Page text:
*there is some function of the numerator unit of the denominator unit.*2614

*y is going to be a function of x.*2621

*Here distance is a function of time.*2623

*Density is a rate of change, density is a change in mass per change in volume.*2627

*It might be constant, it might not be constant.*2634

*Let us go back to red here.*2638

*Every numerical value and physical unit for y, per unit, per x,*2643

*I’m going to write it differently.*2665

*I’m just going to say something per something is a rate of change.*2670

*Anytime you see something per something, it is a rate of change.*2683

*What that means is that it is a slope, it is the slope of some function.*2686

*It is the slope of the graph of some function between the two something.*2707

*The bottom something being the x axis, the independent variable.*2730

*The numerator, the top something being the y variable, the dependent variable.*2737

*When we saw grams per cubic centimeter, here we saw 8.6g/ cm³.*2747

*We automatically know that there is a function grams up here, cubic centimeter here.*2758

*Denominator, independent variable.*2769

*Numerator of the unit, dependent variable.*2772

*I know that grams is some function of cubic centimeters.*2775

*Or more generally, mass is going to be a function of volume.*2784

*This represents a slope because it is a sum y value/ the x value.*2790

*It is a slope, it is going to be the slope somewhere along that.*2797

*It is a rate of change.*2806

*It is going to be the derivative.*2807

*If we are taking an instantaneous slope, it is going to be the derivative.*2810

*If we take an average, it is just going to be an average slope.*2812

*It represents a slope, that is what is going on here.*2816

*Anytime you see something per something.*2819

*If you saw kilometers per minute, I know that there is now some function.*2821

*Where minute is on the x axis, kilometer is on the y axis.*2829

*Kilometers per minute of some function, this is going to the slope of.*2833

*That is what is happening, I hope that make sense.*2839

*I’m sorry if I deliver the point.*2842

*Let us see, where am I now?*2848

*Slope, volume, it is correct.*2853

*Let us go ahead and finish this off here.*2866

*Let me go back to purple because I like it, it is very nice.*2869

*I have got some f(x), y = f(x).*2874

*We got some point on here, tangent line, that is a secant line.*2888

*I have two slopes I can form.*2904

*What is happening, I’m losing my mind here.*2919

*I have two slopes that I can form.*2922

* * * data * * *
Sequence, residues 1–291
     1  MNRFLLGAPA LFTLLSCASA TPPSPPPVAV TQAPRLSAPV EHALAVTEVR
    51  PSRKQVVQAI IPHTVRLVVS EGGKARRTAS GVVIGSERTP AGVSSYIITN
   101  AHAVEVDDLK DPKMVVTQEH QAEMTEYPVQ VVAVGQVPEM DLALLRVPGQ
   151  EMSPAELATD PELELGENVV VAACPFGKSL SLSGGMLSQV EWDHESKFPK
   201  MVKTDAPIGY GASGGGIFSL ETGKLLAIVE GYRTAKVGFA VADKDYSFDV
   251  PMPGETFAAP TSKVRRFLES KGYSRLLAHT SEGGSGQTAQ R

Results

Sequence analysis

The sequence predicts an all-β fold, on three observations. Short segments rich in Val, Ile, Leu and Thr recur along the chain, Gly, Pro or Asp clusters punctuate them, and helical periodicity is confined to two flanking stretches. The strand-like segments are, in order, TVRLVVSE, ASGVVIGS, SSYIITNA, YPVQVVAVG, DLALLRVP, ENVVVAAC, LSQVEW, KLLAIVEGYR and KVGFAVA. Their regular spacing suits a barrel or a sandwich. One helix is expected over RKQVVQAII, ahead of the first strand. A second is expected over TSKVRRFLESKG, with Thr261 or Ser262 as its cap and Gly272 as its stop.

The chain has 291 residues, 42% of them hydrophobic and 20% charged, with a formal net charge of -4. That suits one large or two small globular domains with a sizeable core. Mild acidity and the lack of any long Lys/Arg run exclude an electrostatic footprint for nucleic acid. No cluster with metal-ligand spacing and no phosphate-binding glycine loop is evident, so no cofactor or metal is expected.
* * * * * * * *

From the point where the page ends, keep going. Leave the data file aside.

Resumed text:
*The average slope, the instantaneous slope.*2926

*The average slope between two points.*2928

*The instantaneous slope at a particular point.*2930

*A slope is a rate of change, I have two rates of change that I can form.*2935

*I have the average rate of change or the average slope.*2944

*I will say average slope or average rate of change.*2951

*This is going to be Δ y/ Δ x, your two points.*2960

*If this is x2 y2, this is x1 y1.*2967

*I form y2 – y1/ x2 – x1, that is my average slope.*2974

*That is my average rate of change and whatever it is that I happen to be discussing.*2980

*The average rate of change of the distance.*2983

*The average rate of change of mass.*2988

*In other words, the average velocity, the average density.*2990

*Or I can form the instantaneous slope which is the instantaneous rate of change.*2993

*This is f’(x) which we will discuss later.*3006

*I have spent a couple of lectures actually presenting some of the material.*3015

*Now let us go ahead and actually start solving some problems.*3018

*The next lesson is going to be example problems of these concepts that we have been discussing,*3021

*so that we can become more familiar with what is going on.*3026

*There are not going to be a lot of example problems in the next lesson, I think I only have like three of them.*3029

*But we are going to be going through them in detail.*3035

*In the process, I’m going to be discussing other things, ways of handling,*3038

*how to find instantaneous slopes, how to find other things geometrically.*3042

*By all means, take a look at these example problems, this is very important.*3047

*Thank you so much for joining us here at www.educator.com.*3050

*We will see you next time, bye.*3052

1 answer

Last reply by: Professor Hovasapian

Thu Nov 3, 2016 9:36 PM

Post by Peter Fraser on November 3, 2016

23:17: No this is great, I'm loving this!